Warning of AI’s danger, pioneer Geoffrey Hinton quits Google to speak freely
According to The New York Times, AI pioneer Dr. Geoffrey Hinton has resigned from Google so he can “speak freely” about potential risks posed by AI. Hinton, who helped create some of the fundamental technology behind today’s generative AI systems, fears that the tech industry’s drive to develop AI products could result in dangerous consequences—from misinformation to job loss or even a threat to humanity.
“Look at how it was five years ago and how it is now,” the Times quoted Hinton as saying. “Take the difference and propagate it forwards. That’s scary.”
Hinton’s résumé in artificial intelligence extends back to 1972, and his accomplishments have influenced current practices in generative AI. In 1987, Hinton, David Rumelhart, and Ronald J. Williams popularized backpropagation, a key technique for training neural networks that is used in today’s generative AI models. In 2012, Hinton, Alex Krizhevsky, and Ilya Sutskever created AlexNet, which is commonly hailed as a breakthrough in machine vision and deep learning, and it arguably kickstarted our current era of generative AI. In 2018, Hinton won the Turing Award, which some call the “Nobel Prize of Computing,” along with Yoshua Bengio and Yann LeCun.
Hinton joined Google in 2013 after Google acquired Hinton’s company, DNNresearch. His departure a decade later marks a notable moment for the tech industry as it simultaneously hypes and forewarns about the potential impact of increasingly sophisticated automation systems. For instance, the release of OpenAI’s GPT-4 in March led a group of tech researchers to sign an open letter calling for a six-month moratorium on developing new AI systems “more powerful” than GPT-4. However, some notable critics think that such fears are overblown or misplaced.
Hinton did not sign that open letter, but he believes that intense competition between tech giants like Google and Microsoft could lead to a global AI race that can only be stopped through international regulation. He emphasizes collaboration between leading scientists to prevent AI from becoming uncontrollable.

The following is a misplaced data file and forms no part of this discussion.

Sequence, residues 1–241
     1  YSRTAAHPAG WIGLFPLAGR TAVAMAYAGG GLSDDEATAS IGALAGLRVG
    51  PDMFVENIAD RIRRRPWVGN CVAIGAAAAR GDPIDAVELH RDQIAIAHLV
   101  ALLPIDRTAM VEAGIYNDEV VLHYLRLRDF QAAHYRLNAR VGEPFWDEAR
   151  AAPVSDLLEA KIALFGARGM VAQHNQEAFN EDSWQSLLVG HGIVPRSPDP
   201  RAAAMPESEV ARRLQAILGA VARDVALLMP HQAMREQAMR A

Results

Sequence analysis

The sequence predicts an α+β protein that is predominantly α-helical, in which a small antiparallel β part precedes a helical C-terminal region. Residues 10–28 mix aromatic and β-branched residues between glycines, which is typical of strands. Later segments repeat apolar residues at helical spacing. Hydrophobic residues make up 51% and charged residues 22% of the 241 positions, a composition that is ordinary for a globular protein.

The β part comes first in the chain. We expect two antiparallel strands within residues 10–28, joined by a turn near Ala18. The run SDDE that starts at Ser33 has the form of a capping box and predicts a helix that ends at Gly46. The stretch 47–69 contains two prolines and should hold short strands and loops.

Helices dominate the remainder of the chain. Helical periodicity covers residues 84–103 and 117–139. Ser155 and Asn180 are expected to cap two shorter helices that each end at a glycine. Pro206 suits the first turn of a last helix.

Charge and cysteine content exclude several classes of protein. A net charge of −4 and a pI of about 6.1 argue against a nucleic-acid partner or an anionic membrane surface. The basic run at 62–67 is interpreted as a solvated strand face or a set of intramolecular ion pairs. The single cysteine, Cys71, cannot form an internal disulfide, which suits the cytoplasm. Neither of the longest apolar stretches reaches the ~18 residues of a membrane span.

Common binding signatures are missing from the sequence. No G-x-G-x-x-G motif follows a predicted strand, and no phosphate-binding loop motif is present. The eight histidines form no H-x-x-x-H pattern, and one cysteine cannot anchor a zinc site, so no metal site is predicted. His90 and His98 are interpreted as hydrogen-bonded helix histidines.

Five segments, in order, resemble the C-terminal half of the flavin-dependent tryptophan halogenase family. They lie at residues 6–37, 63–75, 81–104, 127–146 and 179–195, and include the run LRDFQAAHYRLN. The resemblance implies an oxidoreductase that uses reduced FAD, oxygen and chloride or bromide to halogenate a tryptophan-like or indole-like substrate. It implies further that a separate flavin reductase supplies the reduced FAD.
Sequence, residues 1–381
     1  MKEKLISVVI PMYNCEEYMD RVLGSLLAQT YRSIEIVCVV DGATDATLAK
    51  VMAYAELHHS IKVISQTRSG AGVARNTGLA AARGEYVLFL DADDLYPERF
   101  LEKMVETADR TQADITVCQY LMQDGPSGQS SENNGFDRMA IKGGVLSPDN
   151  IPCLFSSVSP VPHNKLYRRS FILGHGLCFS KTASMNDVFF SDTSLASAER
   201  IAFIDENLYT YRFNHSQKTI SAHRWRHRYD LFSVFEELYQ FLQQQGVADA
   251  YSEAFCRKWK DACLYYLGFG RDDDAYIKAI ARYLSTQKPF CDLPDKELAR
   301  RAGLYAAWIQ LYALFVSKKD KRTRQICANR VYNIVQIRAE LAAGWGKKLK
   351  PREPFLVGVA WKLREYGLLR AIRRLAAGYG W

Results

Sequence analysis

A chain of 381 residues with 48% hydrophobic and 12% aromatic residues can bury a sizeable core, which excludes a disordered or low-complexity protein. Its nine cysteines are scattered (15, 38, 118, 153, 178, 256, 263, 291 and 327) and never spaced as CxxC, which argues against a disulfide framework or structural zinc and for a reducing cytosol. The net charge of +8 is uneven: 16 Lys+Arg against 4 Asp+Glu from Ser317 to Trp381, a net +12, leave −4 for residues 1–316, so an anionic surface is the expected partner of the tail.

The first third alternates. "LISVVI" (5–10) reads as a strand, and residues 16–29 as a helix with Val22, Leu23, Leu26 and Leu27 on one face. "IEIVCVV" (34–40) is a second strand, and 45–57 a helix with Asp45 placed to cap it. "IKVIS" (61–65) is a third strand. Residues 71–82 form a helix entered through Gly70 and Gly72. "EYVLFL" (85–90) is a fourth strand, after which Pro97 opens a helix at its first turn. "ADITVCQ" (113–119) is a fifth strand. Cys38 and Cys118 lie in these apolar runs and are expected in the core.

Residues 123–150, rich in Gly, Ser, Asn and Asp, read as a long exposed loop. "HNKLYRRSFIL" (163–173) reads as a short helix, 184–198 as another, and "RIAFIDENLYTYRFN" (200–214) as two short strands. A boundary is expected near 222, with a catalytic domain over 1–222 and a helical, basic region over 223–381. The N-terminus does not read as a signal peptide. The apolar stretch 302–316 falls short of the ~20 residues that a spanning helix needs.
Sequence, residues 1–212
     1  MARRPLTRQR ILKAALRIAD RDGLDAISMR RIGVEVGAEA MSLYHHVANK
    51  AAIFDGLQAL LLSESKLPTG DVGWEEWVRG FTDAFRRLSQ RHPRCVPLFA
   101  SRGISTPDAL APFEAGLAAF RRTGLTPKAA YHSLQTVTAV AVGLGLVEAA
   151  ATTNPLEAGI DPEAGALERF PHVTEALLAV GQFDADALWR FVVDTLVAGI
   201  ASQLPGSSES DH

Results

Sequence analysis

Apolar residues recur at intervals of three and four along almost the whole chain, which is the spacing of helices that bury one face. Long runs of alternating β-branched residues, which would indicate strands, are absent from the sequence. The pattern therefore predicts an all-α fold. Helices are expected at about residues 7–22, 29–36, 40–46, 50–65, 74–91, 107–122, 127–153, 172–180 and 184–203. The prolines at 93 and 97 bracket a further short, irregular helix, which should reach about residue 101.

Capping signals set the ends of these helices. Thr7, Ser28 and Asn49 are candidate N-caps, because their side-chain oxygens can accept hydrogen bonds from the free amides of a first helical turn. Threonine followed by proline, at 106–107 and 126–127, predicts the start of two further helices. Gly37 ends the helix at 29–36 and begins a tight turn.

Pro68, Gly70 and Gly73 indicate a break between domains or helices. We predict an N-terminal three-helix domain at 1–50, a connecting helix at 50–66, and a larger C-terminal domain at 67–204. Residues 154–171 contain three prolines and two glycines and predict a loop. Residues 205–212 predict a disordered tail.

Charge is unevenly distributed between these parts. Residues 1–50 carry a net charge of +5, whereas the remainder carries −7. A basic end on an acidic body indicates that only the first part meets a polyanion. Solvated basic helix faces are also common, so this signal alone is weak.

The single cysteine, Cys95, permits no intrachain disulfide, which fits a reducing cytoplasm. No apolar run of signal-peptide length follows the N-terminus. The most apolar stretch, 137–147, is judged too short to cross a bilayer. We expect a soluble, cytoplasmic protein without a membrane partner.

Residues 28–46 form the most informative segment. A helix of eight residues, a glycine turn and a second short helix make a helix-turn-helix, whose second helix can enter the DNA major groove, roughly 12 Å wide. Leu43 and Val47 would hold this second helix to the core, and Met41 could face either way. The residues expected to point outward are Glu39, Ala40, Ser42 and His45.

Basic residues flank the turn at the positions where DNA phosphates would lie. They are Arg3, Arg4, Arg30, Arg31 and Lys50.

“I don’t think [researchers] should scale this up more until they have understood whether they can control it,” he told the Times.
Hinton is also worried about a proliferation of false information in photos, videos, and text, making it difficult for people to discern what is true. He also fears that AI could upend the job market, initially complementing human workers but eventually replacing them in roles like paralegals, personal assistants, and translators who handle routine tasks.
Hinton’s long-term worry is that future AI systems could threaten humanity as they learn unexpected behavior from vast amounts of data. “The idea that this stuff could actually get smarter than people—a few people believed that,” he told the Times. “But most people thought it was way off. And I thought it was way off. I thought it was 30 to 50 years or even longer away. Obviously, I no longer think that.”
Hinton’s warnings feel notable because, at one point, he was one of the field’s biggest proponents. In a 2015 Toronto Star profile, Hinton expressed enthusiasm for the future of AI and said, “I don’t think I’ll ever retire.” But today, the Times says that Hinton’s worry about the future of AI has driven him to partially regret his life’s work. “I console myself with the normal excuse: If I hadn’t done it, somebody else would have,” he said.
Some critics have cast a skeptical eye on Hinton’s resignation and regrets. In response to The New York Times piece, Dr. Sasha Luccioni of Hugging Face tweeted, “People are referring to this to mean: look, AI is becoming so dangerous, even its pioneers are quitting. I see it as: The people who have caused the problem are now jumping ship.”
On Monday, Hinton clarified his motivations for leaving Google. He wrote in a tweet: “In the NYT today, Cade Metz implies that I left Google so that I could criticize Google. Actually, I left so that I could talk about the dangers of AI without considering how this impacts Google. Google has acted very responsibly.”